05/02/2014 07:04 GMT | Updated 06/04/2014 06:59 BST

Industry and the Defence of Europe

The European Union should not acquire a defence identity - but continuing membership of the EU is profoundly in the interests of our security and our defence industries.

The European Union should not acquire a defence identity - but continuing membership of the EU is profoundly in the interests of our security and our defence industries.

Our national defence requirements should continue to be met through Nato, through strategic alliances with countries that share common ambitions and understandings, through occasional "coalitions of the willing" and, where necessary, through unilateral action. The creation of new mechanisms or structures would be a costly diversion and add nothing to national security.

So must the UK be the country that says "no" on all matters of European defence? In fact there is an important role for the Commission which the UK should welcome and even champion. We have a clear national interest in creating as ambitious a single market as possible for defence equipment and services, encouraged by the 2009 directive on defence and security procurement, and now incorporated into law in every EU member state.

We must be clear - there will remain a wide range of defence equipment and services that will need to be met exclusively by United Kingdom companies and nationals, to maintain both our operational advantage and freedom of action. The same will be true for other member states.

There is, therefore, a continuing need for the celebrated Article 346 exemption to protect the UK's vital national interest. The market for defence equipment and services is not just another market to be integrated fully into the EU's general single market. Liberalisation can only be accepted as far as it does no damage to our national security.

That said, many states use the Article 346 exemption to protect their industries rather than to protect their national security. The UK, with a large range of industries supplying the defence market at home and abroad, and with a significant number of SMEs, stands to gain economically from a more open defence market in Europe.

As Jay Edwards of Chatham House wrote in 2011, the aim of the directive

"... is to facilitate the development of an EU defence equipment market that will increase industrial competition, reduce duplication and lower prices."

On the other hand, I suspect that we will need to be particularly vigilant to protect our ability to sustain capabilities. We have already accepted that many items of advanced equipment such as fast jets can only be procured in international collaborations, but their sustainment in time of conflict is a vital national requirement. So, although the UK should generally press for service liberalisation, it must be much more cautious when it comes to defence support services.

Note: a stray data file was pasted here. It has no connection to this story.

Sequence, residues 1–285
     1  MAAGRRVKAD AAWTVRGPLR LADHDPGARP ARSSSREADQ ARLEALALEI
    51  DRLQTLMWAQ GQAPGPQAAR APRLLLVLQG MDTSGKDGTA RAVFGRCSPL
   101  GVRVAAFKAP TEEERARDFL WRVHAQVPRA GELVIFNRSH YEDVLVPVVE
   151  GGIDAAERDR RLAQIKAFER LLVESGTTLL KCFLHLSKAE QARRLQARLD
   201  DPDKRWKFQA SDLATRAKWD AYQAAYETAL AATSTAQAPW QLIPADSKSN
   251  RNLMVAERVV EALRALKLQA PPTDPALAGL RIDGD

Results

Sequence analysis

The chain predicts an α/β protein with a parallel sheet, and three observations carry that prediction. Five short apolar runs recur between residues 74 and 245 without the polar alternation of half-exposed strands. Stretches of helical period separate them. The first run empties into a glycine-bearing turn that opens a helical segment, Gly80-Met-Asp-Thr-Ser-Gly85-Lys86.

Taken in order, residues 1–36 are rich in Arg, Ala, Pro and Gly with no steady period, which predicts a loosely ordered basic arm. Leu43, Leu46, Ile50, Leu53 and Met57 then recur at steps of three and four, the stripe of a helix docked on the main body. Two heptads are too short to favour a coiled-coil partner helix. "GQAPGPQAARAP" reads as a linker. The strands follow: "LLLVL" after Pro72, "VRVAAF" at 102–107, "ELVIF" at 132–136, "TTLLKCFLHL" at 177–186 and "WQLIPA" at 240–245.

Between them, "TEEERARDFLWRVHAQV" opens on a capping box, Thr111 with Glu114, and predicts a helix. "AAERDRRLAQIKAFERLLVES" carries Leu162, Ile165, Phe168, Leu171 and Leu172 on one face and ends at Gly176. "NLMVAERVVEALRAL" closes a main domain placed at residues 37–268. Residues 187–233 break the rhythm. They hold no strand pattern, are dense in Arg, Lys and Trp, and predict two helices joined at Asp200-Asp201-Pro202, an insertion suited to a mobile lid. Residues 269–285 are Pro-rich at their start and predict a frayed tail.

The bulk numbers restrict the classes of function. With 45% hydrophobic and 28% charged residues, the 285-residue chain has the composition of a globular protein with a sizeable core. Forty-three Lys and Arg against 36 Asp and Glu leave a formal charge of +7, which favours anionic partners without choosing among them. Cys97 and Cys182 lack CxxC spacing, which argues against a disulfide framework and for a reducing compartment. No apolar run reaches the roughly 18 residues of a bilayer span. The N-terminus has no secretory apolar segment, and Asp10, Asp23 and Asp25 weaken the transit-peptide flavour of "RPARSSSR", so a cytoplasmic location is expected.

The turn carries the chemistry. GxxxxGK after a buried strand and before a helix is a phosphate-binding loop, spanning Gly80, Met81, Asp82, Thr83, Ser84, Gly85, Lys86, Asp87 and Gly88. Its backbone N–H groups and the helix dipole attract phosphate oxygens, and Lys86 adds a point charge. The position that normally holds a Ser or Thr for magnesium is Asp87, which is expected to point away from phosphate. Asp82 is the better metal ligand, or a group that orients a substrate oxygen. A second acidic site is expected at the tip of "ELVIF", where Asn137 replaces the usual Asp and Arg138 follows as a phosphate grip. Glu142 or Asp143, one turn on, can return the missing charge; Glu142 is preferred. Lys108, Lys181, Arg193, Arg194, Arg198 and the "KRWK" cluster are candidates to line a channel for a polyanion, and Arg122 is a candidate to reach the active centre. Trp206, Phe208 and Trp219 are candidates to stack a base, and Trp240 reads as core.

We should, though, be concerned that the Commission, wrongly, seems to be developing ambitions to extend its powers to direct decisions in defence procurement.

However, while a more robust approach to Article 346 infringements may occasionally cause the UK some challenge, but overall it should bring greater opportunities for UK companies as they gain access to contracts that would not otherwise have been open to them. The UK needs to advocate a nuanced approach to these issues from the Commission but, ultimately, we must put our national security first and robustly oppose proposals that would compromise it.

The essence of the Commission's engagement with defence acquisition should be to enforce current rules and to enable pan-European cooperation on major projects. The European Defence Agency can play a significant role here, both in identifying areas of capability shortfalls where European collaboration can help the security of the region, and sustaining industrial entities of sufficient scale to compete with the US giants. Declining or at best stable defence budgets around Europe mean it is unlikely that national champions of the traditional kind can be sustained. The missed opportunity to achieve the merger of EADS (now Airbus) and BAE Systems must illustrate the perils of nationalism.

On the other hand, as defence looks more and more to innovative solutions from non-traditional suppliers, defence procurement policy must be as concerned with the needs of SMEs as prime contractors. A strong focus on the needs of SMEs must therefore feature in all aspects of any part of EU policy.

In summary, I believe through the intelligent application of Article 346 challenge, through an appropriate competition policy, and through the mechanism of the EDA, we see the right structure for EU engagement in defence acquisition. A modest, incremental approach is needed to ensure effective competition and nothing more.